Friday, April 16, 2010

'What's taking so long to expose crooks?'

That headline isn't mine. It's from a column the Detroit Free Press published earlier this month. Clevelanders, impatient for our public corruption investigation to show results, might be interested to know Detroit's getting antsy too.

You've heard about Kwame Kilpatrick, right? The lying, sexting, cop-firing, justice-obstructing former Detroit mayor? Scandal and a tough local prosecutor knocked Kilpatrick (pictured, in mug shot) out of office a year and a half ago. Now, a massive FBI probe of Detroit City Hall -- which has already brought down the former city council president -- seems to be aiming to add bribery charges to Kilpatrick's tawdry legacy.

The feds seem late to the party, so columnist Rochelle Riley called up the U.S. Attorney in Detroit and asked, what's the hold-up?

"There are important investigative reasons that it can take so long," Barbara McQuade told Riley. "Sometimes, you have to work your way up a chain," she said. "Sometimes, you talk to someone who pleads guilty and that leads you to new people. And we're analyzing records that lead to other records."

That's how federal investigators in Cleveland are pursuing Jimmy Dimora and Frank Russo: Still not charging them with a crime, still racking up guilty pleas from potential witnesses 21 months after raiding county offices.

They're getting results. Consider Bruce Zaccagnini, one of the lawyers who's pleaded guilty to bribing Russo with $1.2 million in cash kickbacks. From the Plain Dealer story on his February sentencing:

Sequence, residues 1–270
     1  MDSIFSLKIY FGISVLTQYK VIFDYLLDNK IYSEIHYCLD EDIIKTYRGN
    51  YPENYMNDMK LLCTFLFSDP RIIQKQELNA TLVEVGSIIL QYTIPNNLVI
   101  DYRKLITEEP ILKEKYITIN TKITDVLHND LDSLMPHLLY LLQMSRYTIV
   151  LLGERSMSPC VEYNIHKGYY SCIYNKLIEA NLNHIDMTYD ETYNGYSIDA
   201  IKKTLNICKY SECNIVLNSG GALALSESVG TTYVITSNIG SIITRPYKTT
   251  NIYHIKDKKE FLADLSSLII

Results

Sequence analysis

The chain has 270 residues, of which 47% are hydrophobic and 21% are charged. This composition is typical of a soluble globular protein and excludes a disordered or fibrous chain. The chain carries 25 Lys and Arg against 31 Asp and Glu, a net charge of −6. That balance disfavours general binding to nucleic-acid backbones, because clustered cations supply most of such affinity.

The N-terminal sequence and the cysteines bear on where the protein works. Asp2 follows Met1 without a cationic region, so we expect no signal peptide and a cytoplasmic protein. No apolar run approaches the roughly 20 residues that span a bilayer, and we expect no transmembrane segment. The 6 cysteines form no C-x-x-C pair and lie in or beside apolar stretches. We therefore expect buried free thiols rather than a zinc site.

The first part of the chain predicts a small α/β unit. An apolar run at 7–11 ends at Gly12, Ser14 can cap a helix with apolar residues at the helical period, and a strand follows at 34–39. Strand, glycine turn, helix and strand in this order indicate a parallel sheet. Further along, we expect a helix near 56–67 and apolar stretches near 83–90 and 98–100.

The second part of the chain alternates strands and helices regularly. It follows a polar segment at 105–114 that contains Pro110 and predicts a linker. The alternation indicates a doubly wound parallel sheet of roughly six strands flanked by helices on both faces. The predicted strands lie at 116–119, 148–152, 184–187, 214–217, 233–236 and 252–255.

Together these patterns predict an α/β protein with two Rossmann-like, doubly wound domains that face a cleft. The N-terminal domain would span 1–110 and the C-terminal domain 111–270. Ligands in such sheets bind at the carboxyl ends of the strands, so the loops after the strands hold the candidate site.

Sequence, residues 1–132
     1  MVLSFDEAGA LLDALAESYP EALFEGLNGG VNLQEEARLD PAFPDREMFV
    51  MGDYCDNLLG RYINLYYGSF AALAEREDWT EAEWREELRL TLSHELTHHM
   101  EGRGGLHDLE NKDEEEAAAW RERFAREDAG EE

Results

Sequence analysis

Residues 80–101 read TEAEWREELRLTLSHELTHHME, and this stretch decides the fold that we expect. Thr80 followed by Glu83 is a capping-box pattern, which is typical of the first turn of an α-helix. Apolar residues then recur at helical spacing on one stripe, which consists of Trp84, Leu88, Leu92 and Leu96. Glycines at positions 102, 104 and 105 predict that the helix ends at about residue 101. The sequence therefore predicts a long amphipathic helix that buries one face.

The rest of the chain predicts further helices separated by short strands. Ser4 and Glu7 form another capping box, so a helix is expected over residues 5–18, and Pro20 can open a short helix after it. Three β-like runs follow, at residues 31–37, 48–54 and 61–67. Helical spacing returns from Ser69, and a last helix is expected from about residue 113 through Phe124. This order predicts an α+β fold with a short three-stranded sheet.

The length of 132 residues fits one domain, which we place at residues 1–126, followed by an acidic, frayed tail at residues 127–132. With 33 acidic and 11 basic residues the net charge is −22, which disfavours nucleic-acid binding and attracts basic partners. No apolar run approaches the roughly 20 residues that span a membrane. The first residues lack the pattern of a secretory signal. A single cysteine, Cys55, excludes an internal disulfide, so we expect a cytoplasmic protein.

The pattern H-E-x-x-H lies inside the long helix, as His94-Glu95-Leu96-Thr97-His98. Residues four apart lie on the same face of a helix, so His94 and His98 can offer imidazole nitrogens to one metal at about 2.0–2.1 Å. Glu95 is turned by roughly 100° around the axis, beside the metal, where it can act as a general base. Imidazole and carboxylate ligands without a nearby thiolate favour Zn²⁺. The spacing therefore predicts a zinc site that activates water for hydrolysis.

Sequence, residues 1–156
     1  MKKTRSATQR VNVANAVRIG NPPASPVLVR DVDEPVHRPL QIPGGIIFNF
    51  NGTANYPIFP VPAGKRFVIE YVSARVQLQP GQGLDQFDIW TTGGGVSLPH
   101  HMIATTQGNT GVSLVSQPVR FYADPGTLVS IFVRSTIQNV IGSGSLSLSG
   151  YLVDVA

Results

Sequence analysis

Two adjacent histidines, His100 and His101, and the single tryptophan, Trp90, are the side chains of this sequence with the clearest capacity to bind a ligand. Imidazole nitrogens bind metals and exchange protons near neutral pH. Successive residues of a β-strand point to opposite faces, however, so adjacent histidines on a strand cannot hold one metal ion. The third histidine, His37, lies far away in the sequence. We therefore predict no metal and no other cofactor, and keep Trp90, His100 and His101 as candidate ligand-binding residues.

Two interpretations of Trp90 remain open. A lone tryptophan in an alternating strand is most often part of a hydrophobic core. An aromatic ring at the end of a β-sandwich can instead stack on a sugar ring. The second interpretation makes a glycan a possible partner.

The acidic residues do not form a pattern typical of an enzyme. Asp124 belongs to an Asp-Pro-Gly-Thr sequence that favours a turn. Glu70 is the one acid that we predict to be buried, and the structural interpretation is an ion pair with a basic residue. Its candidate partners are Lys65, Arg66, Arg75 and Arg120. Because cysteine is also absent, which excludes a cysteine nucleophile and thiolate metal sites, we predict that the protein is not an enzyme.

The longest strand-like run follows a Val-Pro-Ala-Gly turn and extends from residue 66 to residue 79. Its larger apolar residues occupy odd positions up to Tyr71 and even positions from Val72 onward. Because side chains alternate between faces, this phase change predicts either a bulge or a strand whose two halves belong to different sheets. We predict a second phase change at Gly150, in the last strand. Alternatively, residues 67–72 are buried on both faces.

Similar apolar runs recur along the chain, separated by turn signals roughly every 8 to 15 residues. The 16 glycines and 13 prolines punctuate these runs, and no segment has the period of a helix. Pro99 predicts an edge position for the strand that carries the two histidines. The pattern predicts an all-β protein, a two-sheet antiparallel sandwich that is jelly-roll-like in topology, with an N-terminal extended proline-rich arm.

As soon as federal investigators approached Zaccagnini, he agreed to help make their case against his co-conspirators. The financial records he handed over revealed the corruption was more extensive than investigators had realized, Assistant U.S. Attorney Antoinette Bacon said at the sentencing. "He saved months upon months of agents' time," Bacon said.

Could "more extensive" mean $1.2 million?

The water-torture drip of charges have triggered wild mood swings in the town and the targets themselves. Dimora's gone from reclusive to obnoxiously defiant to subdued to cocky again. He swung back to his innocent-persecuted self-defense last month, because he thinks some of the latest charges against buddies of his are weak -- they did work on his house but didn't do county work.

The favors Dimora allegedly did for the latest contractors may seem small -- recommendation letters and such. But the prosecutors are trying to establish a pattern they can take to trial. The explosive charges involving Steve Pumper look more damning if other contractor buddies testify that they, too, helped remake Dimora's back yard into a patio paradise and didn't get paid until the FBI started nosing around.

Clevelanders want charges, trials, verdicts, closure. But as impatient as they feel now, many of them would be furious if Dimora walked -- if jurors in a future trial were to decide that the investigation had left some fuzzy gray areas between Dimora's Vegas trip and barbecue shelter and his alleged nudges and phone calls at the county building.

In the meantime, the town could use some reassurance from the normally tight-lipped local U.S. attorneys, something like the words McQuade, a Detroit native, offered Riley:

"We recognize the need to act with thoroughness, but also a little bit of urgency," she said. "The city really needs some closure, and it's not healthy for anyone in this city to have a cloud of suspicion hanging over them indefinitely. In public corruption cases, we want to move as quickly as we can."

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